Plaintiff, Maria Lopez, brought suit seeking damages for personal injuries allegedly attributable to the negligence and other tortious misconduct of four defendants, all of whom are physicians. The complaint charged medical malpractice, fraud and conspiracy. Her husband, Frank Lopez, joined as plaintiff, seeking damages per quod.
All defendants moved for summary judgment. As to defendant, Swyer, the motion was granted; the motions of the other three defendants were denied. Plaintiffs and the unsuccessful defendants sought leave to appeal. The Appellate Division reserved decision on these motions, at the same time remanding the case to permit the taking of the depositions of all defendants — plaintiffs' depositions were already before the court — to be followed by reargument before the trial judge. At the reargument the trial court granted summary judgment in favor of all defendants. Upon plaintiffs' appeal, the Appellate Division reversed and remanded the suit for trial as to all parties. 115 N.J.Super. 237 (1971). Of the several defendants, Swyer alone sought certification, which we granted. 59 N.J. 361 (1971). Accordingly we deal only with the plaintiffs' claims against him; we do not pass upon any of the issues pertaining to the other three defendants.
The facts are set forth fully in the opinion of the Appellate Division, 115 N.J. Super. at 241-245, and will be only briefly restated here.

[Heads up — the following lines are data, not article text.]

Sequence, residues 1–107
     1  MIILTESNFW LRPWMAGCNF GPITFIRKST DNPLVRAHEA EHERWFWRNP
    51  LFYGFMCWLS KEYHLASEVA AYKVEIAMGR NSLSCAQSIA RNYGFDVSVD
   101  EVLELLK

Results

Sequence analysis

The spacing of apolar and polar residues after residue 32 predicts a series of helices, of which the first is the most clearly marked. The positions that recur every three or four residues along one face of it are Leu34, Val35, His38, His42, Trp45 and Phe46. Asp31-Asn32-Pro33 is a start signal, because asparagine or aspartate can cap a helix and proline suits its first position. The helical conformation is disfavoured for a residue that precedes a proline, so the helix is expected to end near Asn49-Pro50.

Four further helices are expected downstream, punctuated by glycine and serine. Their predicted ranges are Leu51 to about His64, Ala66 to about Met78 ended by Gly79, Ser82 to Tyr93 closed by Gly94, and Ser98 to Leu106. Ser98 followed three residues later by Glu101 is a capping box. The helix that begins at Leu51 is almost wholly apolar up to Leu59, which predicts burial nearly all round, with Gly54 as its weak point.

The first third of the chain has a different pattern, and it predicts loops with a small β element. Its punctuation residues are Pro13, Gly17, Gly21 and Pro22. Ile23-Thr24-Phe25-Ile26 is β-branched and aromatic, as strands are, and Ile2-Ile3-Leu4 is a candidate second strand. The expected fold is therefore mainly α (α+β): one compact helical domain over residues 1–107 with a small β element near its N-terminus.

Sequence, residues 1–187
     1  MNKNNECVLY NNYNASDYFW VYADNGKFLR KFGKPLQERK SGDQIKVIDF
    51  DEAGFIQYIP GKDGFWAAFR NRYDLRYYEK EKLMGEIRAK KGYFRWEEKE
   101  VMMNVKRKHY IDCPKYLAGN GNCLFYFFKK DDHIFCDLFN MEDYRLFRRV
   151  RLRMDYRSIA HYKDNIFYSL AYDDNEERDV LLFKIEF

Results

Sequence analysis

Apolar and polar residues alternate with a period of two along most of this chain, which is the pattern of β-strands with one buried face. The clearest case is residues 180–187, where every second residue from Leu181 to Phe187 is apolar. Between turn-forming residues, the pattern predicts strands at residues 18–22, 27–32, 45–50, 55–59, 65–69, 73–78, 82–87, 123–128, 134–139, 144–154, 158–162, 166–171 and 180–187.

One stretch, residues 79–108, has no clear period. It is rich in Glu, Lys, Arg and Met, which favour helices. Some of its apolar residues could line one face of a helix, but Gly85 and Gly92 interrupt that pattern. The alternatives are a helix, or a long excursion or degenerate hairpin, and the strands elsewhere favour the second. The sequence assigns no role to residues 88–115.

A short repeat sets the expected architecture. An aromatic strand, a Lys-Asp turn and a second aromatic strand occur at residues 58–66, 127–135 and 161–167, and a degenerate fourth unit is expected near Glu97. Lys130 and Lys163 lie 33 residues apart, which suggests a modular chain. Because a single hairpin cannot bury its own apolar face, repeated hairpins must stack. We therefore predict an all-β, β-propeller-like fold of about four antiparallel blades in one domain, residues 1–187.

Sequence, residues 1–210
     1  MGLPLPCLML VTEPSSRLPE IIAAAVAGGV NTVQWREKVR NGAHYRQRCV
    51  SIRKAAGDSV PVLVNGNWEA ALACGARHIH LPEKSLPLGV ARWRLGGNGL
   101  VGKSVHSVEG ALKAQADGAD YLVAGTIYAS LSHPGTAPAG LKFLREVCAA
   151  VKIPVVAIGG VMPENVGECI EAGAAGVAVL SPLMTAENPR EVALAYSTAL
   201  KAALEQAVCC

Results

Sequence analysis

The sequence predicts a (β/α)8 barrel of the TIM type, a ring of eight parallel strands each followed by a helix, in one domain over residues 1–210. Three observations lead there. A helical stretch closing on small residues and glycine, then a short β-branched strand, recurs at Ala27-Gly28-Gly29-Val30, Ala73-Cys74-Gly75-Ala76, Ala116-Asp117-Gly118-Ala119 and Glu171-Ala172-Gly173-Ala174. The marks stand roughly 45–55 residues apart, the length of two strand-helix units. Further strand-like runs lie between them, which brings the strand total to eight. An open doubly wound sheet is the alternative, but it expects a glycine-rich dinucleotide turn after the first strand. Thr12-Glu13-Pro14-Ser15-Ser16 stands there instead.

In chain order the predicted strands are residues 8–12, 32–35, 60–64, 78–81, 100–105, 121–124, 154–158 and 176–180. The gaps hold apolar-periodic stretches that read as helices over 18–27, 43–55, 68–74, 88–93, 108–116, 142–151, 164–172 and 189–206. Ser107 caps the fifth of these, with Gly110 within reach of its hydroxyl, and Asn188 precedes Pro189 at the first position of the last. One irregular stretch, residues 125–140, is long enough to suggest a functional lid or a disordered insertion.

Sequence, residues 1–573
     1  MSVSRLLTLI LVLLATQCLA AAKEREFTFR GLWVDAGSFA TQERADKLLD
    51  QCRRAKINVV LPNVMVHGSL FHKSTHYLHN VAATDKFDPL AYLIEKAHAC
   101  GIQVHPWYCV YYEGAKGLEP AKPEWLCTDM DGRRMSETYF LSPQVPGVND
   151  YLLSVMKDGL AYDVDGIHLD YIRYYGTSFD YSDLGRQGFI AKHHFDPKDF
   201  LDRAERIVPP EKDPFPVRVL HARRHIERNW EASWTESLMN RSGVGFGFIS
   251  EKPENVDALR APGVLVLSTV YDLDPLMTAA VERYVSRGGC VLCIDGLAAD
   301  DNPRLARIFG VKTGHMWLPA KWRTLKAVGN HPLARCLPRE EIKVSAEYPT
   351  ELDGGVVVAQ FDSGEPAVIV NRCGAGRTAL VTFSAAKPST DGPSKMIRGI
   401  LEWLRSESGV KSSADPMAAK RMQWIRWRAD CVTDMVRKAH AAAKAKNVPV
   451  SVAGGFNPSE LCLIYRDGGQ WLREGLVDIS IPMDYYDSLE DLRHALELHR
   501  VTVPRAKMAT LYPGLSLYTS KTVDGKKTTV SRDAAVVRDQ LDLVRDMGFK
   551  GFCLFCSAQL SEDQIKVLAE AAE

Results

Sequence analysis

This suit was commenced September 18, 1967. Dr. Swyer is charged with having been negligent in administering radiation. Doctors Danon, Osder and Stricker are charged with negligence in that they gave bad advice, with having falsely reassured the plaintiffs and with having concealed knowledge, which it is alleged they possessed, of Dr. Swyer's alleged malpractice. It is also asserted that all four physicians conspired together to effect this concealment.
We agree with the Appellate Division that the most difficult of the questions presented has to do with the application of the statute of limitations as it relates to plaintiffs' claim for negligence against Dr. Swyer. As will be seen from what is said above, his last contact with Mrs. Lopez was in 1962 and suit was not commenced until 1967. The statute applicable to personal injury claims requires that they be brought within two years of the accrual of the cause of action.